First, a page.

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help me find a Baroque violin instructor please

February 10, 2011 at 09:12 PM ·

 Hey everyone. I've been interested in Baroque violin for quite a while. I haven't been able to advance this interest since I don't live around any instructors. With the rise of technology such as skype, I see a golden opportunity. Does anyone know of a Baroque violin instructor who is willing to teach via skype? Your help is appreciated!

Replies (3)

February 11, 2011 at 02:33 AM ·

Check out LSU and see if they have any instructors willing to take non-university students.  It would be a bit of a drive for you but maybe manageable every so often. 

February 11, 2011 at 04:20 AM ·

Good to hear of violinists wanting to specialize in Baroque. If you're comfortable with modern violin technique, its possible to teach yourself using good recordings as a guide  Lucy van Dael, Monica Huggett, Sergio Luca (Bach solo, Nonesuch label), Fabio Biondi, and many others are an excellent source for inspiration.

Search the web for early baroque paintings and drawings of musicians and see their relaxed posture, their comfortable stance. Each portrayal is different, and I believe there was more flexibility in their technical approach. Leopold Mozart's treatise available in reprint has some helpful advice.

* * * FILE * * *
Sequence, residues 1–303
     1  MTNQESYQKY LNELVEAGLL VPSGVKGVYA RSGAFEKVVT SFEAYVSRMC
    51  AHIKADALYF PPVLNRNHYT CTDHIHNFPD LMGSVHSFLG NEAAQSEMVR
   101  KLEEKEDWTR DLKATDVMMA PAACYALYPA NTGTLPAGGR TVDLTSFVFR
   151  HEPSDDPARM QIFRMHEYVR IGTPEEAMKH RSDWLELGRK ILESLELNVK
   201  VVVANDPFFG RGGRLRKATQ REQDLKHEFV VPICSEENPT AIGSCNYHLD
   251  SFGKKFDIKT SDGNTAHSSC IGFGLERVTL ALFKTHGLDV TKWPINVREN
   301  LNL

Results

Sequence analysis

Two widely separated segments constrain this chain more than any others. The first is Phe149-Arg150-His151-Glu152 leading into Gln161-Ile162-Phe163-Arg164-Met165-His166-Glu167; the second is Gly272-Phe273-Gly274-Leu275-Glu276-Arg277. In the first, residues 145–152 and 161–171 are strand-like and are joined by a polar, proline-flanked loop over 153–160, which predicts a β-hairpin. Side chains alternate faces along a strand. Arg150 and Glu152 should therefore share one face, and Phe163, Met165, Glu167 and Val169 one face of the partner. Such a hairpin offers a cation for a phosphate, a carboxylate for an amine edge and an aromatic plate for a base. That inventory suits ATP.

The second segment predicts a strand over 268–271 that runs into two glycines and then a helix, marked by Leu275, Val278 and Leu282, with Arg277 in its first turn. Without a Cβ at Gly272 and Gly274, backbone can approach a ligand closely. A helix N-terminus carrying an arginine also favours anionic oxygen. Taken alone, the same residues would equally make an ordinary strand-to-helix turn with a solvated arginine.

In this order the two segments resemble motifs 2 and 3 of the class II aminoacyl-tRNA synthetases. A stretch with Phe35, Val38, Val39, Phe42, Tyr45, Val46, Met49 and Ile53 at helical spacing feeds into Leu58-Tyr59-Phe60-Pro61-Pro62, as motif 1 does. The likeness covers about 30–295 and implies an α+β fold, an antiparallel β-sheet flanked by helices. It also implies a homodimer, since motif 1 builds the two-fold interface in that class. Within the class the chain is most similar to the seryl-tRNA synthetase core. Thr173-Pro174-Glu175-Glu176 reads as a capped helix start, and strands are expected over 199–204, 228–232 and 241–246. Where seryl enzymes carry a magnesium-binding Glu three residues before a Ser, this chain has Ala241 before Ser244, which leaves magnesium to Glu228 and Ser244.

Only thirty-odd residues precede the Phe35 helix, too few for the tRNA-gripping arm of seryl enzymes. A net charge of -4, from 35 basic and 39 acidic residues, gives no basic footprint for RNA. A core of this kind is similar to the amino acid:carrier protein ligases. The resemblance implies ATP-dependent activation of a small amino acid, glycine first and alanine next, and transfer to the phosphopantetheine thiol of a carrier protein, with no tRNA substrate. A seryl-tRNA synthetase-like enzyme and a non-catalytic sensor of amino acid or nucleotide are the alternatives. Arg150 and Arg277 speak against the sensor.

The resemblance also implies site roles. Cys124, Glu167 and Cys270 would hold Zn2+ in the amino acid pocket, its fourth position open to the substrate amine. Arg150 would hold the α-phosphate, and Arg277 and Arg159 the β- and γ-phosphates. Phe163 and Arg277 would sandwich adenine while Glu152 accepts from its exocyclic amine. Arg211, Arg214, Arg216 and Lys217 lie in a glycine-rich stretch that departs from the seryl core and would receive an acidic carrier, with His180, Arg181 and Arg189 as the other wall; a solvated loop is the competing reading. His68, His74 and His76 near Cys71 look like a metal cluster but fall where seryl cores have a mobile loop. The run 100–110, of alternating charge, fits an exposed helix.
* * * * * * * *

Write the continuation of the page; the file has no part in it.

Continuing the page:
Listen to  some of the many good baroque recordings, the smooth tone without vibrato, and  how the Corelli-style bow allows the strings to resonate freely.  In general, use shorter bow strokes and lighter, more responsive touch, as gut strings require less energy that metal-wound types.

You can use a modern violin, but gut A and E are a must, pure gut or gut-core D and gut-core G should be used too.  Take off the chinrest and shoulderpad, and relax the posture for a fluid tone.

Of course, studying with a master of Baroque violinist would be great, but at least where I live, there are no such specialists, and almost no baroque music performers at all. Don't let that stop you, though.

February 11, 2011 at 12:35 PM ·

 I do not live anywhere near LSU. I'm about 1,000 miles away in fact. So, I won't be going there. I'm not really a proponent of one teaching themselves anything. There are a lot of nuances in the baroque technique especially in the ornamentation practices. I have my own Baroque violin and bow. I will not be converting my modern instrument. He must stay modern since I need him for several upcoming performances :) 

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